Many patients suffer from osteoporosis in the bones that weaken them and increase the risk of fracture.

Amir Sternheim

Many cancer patients suffer from bone metastases that weakens the bones and increases the risk of fracture.

An Israeli doctor has tested software that may help in early identification of this risk:
A 41 year old mother of two small children, contracted cancer that metastasized to the right hip joint, which caused pain in the area. CT imaging showed significant bone loss and increased risk of fracture. She had an appointment for surgery to stabilize the bone, but it broke before the surgery. The woman was hospitalized and the hip replaced by surgery. Four weeks later, the woman returned with news of new pains in her left hip joint. Clinical examination and scans showed that there was also a metastasis that involves the bone and increases the risk of fracture.  Another date for surgery's set.  Two weeks later, on the eve of Purim, the woman came to the hospital and said that the pain had greatly diminished. Clinical examination showed that there was indeed a significant improvement in her condition (the range of movement of the joint was greater and limp diminished), but the scan showed no change. We took a difficult decision and postponed the date of the operation. Four years later, and the left thigh was not broken.

Many cancer patients suffer from bone metastases that weaken the bones and increase the risk of fracture. These are cancerous cells that have disengaged from the tumor and migrated with the circulatory system or the lymphatic system to a distant site, such as the hip bone.  The cancerous cells multiply, grow, and cause bone destruction due to their rapid multiplication.  The weakening of the bone is manifested in pain, impaired functioning, and injury.

Quality of life suffers due to the bones weakness.  The bone may break in everyday activities such as climbing stairs or getting out of bed.  Doctors are now looking for some signs that indicate a high fracture risk:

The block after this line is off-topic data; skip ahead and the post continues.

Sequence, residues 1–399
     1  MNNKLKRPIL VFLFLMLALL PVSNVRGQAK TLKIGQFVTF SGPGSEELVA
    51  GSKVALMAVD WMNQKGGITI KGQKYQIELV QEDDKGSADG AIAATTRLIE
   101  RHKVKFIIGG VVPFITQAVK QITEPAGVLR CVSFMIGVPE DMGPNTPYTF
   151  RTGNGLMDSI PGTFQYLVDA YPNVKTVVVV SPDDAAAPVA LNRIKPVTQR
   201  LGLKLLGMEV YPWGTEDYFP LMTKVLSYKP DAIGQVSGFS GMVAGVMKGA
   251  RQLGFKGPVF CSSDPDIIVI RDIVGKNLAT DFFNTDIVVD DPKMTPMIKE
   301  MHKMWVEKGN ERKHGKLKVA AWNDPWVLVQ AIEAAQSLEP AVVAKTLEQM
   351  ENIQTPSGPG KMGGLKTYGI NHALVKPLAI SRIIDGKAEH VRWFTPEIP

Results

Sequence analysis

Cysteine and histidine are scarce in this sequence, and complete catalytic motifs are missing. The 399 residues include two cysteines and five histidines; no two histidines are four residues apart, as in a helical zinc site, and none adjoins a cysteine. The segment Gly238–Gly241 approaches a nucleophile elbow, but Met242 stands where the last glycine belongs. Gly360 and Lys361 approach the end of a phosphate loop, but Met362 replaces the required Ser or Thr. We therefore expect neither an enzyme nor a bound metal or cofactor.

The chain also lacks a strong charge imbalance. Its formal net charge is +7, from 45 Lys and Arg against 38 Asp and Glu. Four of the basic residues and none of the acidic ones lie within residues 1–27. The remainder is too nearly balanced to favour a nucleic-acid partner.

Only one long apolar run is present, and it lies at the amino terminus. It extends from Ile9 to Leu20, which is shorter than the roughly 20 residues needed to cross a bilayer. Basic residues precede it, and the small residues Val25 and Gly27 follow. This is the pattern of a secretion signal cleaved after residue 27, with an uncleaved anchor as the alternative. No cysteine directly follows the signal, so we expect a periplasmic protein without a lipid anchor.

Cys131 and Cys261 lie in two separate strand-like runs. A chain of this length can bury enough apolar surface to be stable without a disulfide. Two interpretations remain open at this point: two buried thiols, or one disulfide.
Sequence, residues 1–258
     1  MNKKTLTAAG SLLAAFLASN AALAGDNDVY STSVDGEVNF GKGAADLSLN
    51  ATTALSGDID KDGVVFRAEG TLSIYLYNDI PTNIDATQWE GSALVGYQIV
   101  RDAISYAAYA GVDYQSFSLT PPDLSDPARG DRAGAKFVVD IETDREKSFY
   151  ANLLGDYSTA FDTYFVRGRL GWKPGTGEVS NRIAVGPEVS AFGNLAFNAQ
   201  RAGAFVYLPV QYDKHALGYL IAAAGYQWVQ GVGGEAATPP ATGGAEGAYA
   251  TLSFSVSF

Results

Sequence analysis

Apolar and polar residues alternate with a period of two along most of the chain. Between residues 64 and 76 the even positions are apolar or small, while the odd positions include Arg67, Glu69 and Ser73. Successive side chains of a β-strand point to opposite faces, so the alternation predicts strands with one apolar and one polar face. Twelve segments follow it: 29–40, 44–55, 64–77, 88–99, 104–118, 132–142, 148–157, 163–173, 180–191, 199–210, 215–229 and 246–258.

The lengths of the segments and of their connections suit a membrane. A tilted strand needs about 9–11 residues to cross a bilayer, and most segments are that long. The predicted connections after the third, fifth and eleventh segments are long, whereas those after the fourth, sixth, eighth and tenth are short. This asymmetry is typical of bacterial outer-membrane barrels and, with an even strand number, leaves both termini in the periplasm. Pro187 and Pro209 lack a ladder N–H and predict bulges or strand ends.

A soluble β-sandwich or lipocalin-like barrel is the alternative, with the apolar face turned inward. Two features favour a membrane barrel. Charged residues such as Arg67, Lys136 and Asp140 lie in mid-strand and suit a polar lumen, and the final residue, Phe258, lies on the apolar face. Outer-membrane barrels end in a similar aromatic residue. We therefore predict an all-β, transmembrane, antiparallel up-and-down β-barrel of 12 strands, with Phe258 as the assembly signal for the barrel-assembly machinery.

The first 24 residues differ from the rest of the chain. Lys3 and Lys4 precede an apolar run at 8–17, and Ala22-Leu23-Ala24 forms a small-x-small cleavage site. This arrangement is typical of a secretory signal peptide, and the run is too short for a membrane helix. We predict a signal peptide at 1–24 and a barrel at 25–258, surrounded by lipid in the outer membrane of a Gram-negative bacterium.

Where it is a pain that appears every time you put weight on your leg, for example standing and walking.

Risk of fracture increases when the location of the metastasis is in the long bones of the legs, especially in the thigh area, where the loads while walking are very large.

High fracture risk allows for preventive analysis planning (which involves creating a structure that stabilizes the bone). Its purpose is to reduce
pain and return the patient to full function. Patients at low risk for fracture receive pharmacological or radiation treatment.
Today, the decision on preventive surgery is based on clinical testing and visual examination of CT images. However, in many cases, preventive surgery is not performed when necessary or is performed unnecessarily.
For address this problem, custom software was developed (by Prof. Zohar Yosibash and Dr. Nir Trabelsi), that automatically generates a model of the femur from CT scans and assesses the risk of fracture. This software (Simfini) simulates the load on the femur based on the weight of the patient. Using scientific analysis and software contract
Exactly higher the femur strength with metastasis (even compared to the hip bone creation) and consequently the
Risk of fracture. This can save the patient a possible fracture or prevent unnecessary surgery. Similarly, for simulations of structural strength, the patient's bone is treated as a structure with variable material properties.
Loads that simulate daily activities are applied (vertical force, "pressure") on the femoral head, for example, walking down stairs. The information is then assigned to one of four risk levels for fracture, and the report is then given to the surgeon.

The Tel Aviv Medical Center recently completed the first phase of retrospective clinical research, which examined the efficacy of the system on 50 patients; Most of the patients suffered from metastases and received surgery recommendations to prevent fractures in the femur:
A few have already been operated on as a result of a fracture; In 11 out of 45 patients diagnosed as requiring surgery, the risk of fracture was low and surgery was unnecessary.  In 12 of the 45 patients who refused surgery the software did predict a low risk of fracture in nine of them. In five patients who broke the bone, the hip software did recognize that the risk was increased. This was after initially mistakenly diagnosed as having low risk of break. Now the prospective phase of the study is about to begin using the system in real time as a tool to help make the decision on preventive surgery.

This year, encouraging results of the first clinical trial were presented in the system at two international conferences
(EMSOS), the European company for muscle and skeletal growth
Dr. Amir Sternheim is an expert in orthopedic oncology and head of surgical treatment bone metastases in the National Unit of Orthopedic Oncology at the Tel Aviv Medical Center